Linda Hudson - BAE Systems
President & CEO
Named one of Fortune Magazine's 50 Most Powerful Women in Business for the past three years, Hudson leads operations with 2011 revenues of $14.4 billion and approximately 43,000 employees in six nations. She began her defense career after receiving her bachelor’s degree in systems engineering from the University of Florida. Her commitment, passion and dedication to our men and women in uniform and military families are evident in her service on the USO Worldwide Board of Governors and Blue Star Families Board of Directors.
Why do you believe STEM Education and Workforce are important to our nation?
Recently, there has been a lot of concern about the U.S. slipping as an innovation leader due to waning numbers of STEM graduates. From a defense perspective, the problem is more alarming. Technology and engineering are the lifeblood of our industry. A significant proportion of our industry’s engineers are approaching retirement age. At the same time, we see a declining number of U.S. youth pursuing STEM-related careers. That’s not just a problem for our industry; it’s a problem for our country – so much so that DARPA has called the decline in STEM degrees a national security risk.
What traits do senior leaders need to effectively support and advance STEM today?
Despite mounting awareness of the problem, our society still tends to subscribe to the same historical stereotypes of what a STEM professional looks like. For decades this has influenced who we recruit, while simultaneously influencing who pursues a STEM education in the first place. Our leaders need to help our nation break free of this self-fulfilling prophecy. One important way we can begin to do this is by casting our recruiting net more widely into more diverse talent pools where there are large segments of qualified people.
What principles do you, as a leader, apply to your professional and personal life to advance the STEM cause?
I speak regularly at both industry conferences and to children in our schools. BAE Systems supports programs ranging from NMSI to Reach Out and Read. Personally, I am actively involved in the University of Florida School of Engineering, serve on boards for organizations such as the Smithsonian National Air and Space Museum, and support efforts like Change the Equation.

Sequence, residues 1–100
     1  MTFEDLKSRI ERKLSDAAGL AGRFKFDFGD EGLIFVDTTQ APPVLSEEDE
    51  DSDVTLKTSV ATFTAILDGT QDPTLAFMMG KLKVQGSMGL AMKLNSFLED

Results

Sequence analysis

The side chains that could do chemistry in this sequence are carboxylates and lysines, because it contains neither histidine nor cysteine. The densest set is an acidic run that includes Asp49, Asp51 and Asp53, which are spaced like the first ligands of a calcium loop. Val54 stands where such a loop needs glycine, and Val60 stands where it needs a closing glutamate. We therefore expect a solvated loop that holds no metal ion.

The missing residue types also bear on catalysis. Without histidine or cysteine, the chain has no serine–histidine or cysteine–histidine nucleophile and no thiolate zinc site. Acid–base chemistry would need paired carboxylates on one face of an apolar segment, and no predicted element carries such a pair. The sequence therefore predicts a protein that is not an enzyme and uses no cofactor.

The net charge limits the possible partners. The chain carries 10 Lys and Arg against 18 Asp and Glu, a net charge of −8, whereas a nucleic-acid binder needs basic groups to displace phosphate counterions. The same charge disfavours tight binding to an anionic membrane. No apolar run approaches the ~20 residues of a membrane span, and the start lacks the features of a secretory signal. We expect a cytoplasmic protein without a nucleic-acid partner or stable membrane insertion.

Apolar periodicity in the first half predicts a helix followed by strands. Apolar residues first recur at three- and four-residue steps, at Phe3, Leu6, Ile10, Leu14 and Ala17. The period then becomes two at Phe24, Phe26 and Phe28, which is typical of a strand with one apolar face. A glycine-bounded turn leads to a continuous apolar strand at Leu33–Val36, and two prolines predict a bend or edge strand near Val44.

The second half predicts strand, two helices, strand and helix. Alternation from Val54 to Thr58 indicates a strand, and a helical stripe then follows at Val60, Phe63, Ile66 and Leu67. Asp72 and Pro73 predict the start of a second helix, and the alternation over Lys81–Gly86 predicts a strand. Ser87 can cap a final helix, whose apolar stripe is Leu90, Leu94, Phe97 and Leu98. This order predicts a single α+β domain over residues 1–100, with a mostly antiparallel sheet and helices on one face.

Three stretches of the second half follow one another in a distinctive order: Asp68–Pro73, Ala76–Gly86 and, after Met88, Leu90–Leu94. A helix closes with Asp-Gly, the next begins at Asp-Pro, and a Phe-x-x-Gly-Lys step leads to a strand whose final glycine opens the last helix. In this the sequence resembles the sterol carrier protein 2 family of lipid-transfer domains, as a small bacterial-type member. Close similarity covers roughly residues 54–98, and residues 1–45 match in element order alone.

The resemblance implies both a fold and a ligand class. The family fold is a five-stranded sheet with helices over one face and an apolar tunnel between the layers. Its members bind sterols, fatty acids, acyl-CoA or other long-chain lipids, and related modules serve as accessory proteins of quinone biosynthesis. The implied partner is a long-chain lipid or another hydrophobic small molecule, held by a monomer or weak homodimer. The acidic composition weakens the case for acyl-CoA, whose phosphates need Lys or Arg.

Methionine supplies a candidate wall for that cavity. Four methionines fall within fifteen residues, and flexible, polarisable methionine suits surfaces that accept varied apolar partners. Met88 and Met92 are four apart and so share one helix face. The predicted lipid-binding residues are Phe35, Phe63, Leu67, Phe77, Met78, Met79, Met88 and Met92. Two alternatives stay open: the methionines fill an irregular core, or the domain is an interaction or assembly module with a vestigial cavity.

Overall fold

My role as the first female CEO in a historically male-dominated industry has given me a lot of visibility and afforded me many opportunities to advance STEM education and diversity and inclusion efforts. I mention D&I because I sincerely believe that harnessing diversity (of all sorts) will be essential to strengthening our STEM position here in theU.S.
What can we do to ensure more women leaders in STEM?
The shortage of women leaders in this country extends far beyond STEM. In Thailand, three out of ten companies have female CEOs. In China, the figure is just under 20 percent. Here in the North America, that number drops to one in twenty. There is clearly something at play beyond young girls not being interested in science and math.
In regards to STEM, one of the most important steps to ensure there are more women leaders is to ensure there are more women in the STEM education pipeline in the first place. To do that, we need to get all kids enthusiastic about STEM at an early age. We need to hold the imagination of young girls as they pass through that critical middle school age when many lose interest. In high school, we need to continue to show young women the exciting careers to which a STEM education can lead. And, of course, we must hire, mentor and promote them.